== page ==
Archive: November 2019

A bridge too far

A bridge too far? An expert panel examines the promise and peril of third-party litigation financing

Third-party litigation finance has captured the attention of litigants, the courts, and the academy across the globe. It has the potential to substantially impact civil litigation as we know it Continue Reading »

Boxed In: Does the prospect of re-selection influence judicial decision-making?

When Justice Ann A. Scott Timmer was given the opportunity to write on a topic of her choosing as part of Duke Law’s Master of Judicial Studies program, she gravitated Continue Reading »

She Lifted Her Voice: Constance Baker Motley (1921–2005) U.S. District Court, Southern District of New York

Although she loved music, she could not sing. She was such a bad singer that, as a little girl growing up in New Haven, she was asked to leave the Continue Reading »

Distracted Driving

The cars of the future are headed to your courtroom

Distracted and intoxicated driving are costly problems. And while emerging technologies aim to help reduce traffic accidents caused by human error, technology may also increase the number of accidents. For Continue Reading »

Judicial Honors Fall 2019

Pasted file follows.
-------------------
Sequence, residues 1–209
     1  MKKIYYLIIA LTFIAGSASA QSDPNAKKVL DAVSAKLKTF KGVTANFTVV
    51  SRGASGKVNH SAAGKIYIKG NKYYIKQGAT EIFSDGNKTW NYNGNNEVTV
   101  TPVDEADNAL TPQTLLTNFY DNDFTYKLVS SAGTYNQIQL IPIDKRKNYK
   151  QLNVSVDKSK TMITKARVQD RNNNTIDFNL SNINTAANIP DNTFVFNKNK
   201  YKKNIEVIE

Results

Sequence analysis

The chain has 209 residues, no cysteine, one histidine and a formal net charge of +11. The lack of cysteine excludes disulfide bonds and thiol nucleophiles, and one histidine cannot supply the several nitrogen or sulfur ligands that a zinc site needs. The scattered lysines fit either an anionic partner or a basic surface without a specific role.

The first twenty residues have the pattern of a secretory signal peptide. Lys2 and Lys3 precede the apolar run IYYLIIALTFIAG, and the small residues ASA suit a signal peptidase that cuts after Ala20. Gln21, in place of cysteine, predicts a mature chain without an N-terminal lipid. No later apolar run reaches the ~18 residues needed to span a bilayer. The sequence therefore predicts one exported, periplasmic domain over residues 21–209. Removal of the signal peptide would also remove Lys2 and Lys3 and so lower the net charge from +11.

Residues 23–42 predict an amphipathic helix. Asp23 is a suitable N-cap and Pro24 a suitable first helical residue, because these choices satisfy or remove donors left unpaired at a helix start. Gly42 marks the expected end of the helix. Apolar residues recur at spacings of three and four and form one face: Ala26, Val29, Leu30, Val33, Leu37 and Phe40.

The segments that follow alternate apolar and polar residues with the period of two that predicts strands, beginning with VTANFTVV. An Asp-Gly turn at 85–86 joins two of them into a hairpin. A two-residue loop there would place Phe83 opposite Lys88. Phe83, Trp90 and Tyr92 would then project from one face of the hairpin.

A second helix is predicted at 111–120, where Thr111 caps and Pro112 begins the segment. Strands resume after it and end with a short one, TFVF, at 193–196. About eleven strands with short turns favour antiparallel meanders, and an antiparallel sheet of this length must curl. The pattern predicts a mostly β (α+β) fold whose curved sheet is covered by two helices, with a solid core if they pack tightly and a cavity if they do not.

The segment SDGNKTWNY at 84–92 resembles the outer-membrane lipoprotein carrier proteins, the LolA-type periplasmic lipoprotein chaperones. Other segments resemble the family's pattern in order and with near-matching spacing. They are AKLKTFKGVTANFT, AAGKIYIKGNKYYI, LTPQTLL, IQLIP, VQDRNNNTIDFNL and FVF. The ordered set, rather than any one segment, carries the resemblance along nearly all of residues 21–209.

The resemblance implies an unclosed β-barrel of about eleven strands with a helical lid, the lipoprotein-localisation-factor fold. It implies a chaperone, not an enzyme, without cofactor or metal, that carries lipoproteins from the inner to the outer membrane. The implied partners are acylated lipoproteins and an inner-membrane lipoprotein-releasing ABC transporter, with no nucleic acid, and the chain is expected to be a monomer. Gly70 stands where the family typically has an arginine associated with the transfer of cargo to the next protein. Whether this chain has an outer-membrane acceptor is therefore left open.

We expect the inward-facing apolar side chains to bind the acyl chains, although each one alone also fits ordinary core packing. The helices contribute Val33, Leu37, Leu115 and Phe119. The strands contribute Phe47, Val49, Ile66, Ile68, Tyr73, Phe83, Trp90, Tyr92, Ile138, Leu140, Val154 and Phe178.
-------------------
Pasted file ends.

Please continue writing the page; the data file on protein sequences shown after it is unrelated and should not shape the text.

Kem Thompson Frost, chief justice of Texas’s Court of Appeals-14th District, has been named a 2019 Outstanding Texas Leader and inducted into the Texas Leadership Hall of Fame by JBS Continue Reading »


A Hero’s Life: Michael D. Ryan, Associate Justice, Supreme Court of Arizona

A war hero. A respected jurist. A humble servant. A mentor. A friend. A beloved husband, father, and grandfather. All these tags fit Michael D. Ryan, a former associate justice Continue Reading »

emails to federal judge

Emails to a federal judge

Recently an esteemed member of the bar died. In closing out the lawyer’s laptop, a legal assistant discovered a trove of emails the lawyer had composed and addressed to a Continue Reading »

shattering glass ceilings

Shattering glass ceilings from the bench

Federal Judge Sylvia Rambo first thought of a legal career in the 1940s when her school bus drove by a local law school in Carlisle, Pennsylvania. “It was like a Continue Reading »

Finding humanity in the great power competition for artificial intelligence

I recently spoke on artificial intelligence, law, and ethics as a panelist at the International Conference on Unmanned Aircraft Systems in Atlanta. At the end of our discussion, the moderator Continue Reading »

The Twilight Zone

The Twilight Zone

The television drama The Twilight Zone portrayed characters in disturbing situations set in the murky area between reality and the dark unknown. Most episodes had a moral. Here’s my thought for Continue Reading »